Imagine someone reading your Facebook status updates and parsing your words to assess how happy or sad you are at any particular moment. Now imagine applying that same parsing technology not just to you, but to all of Facebook’s 100 million American users. The result: Facebook’s Gross National Happiness index, a measure of the national mood. The methodology is somewhat complicated—Facebook counts the number of “positive” and “negative” words used in each status update, converts them to percentages, finds average percents based on all users that day, then subtracts the “negative percent” from the “positive percent” to get a value for the y axis—but the results are clear: Weekends and holidays are better than midweek, and Mother’s Day and Father’s Day ’09 recorded more happiness than ’08 (probably because more celebrating moms and dads had Facebook pages in ’09.) And the bottom line: Despite a deepening recession and prolonged wars, Americans seemed to be happier in 2009 than 2008.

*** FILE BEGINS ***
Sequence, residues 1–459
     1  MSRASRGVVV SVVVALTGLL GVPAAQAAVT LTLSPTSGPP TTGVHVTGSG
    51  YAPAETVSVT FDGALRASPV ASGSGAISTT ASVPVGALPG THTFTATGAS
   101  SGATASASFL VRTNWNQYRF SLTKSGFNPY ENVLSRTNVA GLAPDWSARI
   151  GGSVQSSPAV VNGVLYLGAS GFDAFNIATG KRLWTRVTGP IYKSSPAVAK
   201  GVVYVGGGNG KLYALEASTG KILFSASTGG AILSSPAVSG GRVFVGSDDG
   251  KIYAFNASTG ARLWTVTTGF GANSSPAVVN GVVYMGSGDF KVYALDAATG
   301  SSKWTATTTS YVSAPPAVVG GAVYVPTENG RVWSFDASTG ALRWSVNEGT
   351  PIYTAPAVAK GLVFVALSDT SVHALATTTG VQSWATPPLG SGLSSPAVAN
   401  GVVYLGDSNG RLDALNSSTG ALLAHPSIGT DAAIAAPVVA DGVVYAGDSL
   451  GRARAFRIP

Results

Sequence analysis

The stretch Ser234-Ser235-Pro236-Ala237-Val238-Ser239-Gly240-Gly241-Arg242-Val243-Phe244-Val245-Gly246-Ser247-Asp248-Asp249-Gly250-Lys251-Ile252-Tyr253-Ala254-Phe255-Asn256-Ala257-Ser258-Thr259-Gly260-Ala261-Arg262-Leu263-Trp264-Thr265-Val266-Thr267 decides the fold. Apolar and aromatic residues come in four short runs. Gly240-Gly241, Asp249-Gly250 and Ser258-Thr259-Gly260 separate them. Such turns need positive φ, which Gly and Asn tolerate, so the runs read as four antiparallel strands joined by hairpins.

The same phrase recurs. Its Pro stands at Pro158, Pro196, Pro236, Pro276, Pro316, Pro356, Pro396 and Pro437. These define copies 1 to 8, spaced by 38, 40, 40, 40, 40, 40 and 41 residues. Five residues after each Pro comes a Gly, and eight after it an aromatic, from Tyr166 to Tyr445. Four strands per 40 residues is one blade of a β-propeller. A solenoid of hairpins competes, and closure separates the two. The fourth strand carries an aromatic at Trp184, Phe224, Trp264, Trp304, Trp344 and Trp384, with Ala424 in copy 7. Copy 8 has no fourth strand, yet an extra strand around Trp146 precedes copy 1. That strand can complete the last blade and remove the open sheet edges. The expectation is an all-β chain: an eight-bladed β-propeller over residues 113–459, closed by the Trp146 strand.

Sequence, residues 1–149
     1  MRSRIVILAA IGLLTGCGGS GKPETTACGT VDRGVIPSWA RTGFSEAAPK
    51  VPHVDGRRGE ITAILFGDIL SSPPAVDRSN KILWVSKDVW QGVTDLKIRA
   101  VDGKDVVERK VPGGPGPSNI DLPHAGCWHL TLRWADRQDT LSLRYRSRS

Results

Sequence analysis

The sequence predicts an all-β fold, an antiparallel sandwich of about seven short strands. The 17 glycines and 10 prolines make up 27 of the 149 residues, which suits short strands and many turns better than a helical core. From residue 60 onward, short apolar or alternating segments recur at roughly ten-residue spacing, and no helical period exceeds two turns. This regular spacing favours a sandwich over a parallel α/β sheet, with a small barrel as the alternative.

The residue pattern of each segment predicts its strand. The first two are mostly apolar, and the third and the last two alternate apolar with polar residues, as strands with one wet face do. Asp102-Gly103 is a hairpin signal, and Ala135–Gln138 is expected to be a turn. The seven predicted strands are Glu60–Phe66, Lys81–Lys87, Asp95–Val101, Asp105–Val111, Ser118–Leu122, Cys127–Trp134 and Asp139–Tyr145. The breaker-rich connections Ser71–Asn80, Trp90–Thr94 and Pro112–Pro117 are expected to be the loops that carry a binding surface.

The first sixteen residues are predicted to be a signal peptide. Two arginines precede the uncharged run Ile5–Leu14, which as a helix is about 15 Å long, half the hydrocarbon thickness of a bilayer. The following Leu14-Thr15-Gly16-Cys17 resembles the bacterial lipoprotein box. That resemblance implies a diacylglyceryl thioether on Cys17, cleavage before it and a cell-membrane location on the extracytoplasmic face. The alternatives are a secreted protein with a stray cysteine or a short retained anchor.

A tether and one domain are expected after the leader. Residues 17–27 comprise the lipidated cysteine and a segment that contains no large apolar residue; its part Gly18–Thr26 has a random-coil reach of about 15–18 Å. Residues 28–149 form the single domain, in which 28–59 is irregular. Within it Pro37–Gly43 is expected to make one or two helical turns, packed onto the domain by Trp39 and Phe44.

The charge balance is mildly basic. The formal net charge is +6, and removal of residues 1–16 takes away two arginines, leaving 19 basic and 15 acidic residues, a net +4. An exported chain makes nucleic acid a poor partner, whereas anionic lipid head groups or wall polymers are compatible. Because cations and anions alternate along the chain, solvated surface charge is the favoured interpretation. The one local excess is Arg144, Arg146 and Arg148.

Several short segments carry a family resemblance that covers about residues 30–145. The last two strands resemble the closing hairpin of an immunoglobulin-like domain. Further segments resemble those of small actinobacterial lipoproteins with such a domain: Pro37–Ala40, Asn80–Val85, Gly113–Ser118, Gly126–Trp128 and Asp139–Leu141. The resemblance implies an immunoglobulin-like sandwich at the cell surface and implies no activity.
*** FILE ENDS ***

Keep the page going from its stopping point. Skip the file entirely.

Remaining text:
The Happiness Index
Times were tough in 2009, but, according to a cool Facebook app, people were happier.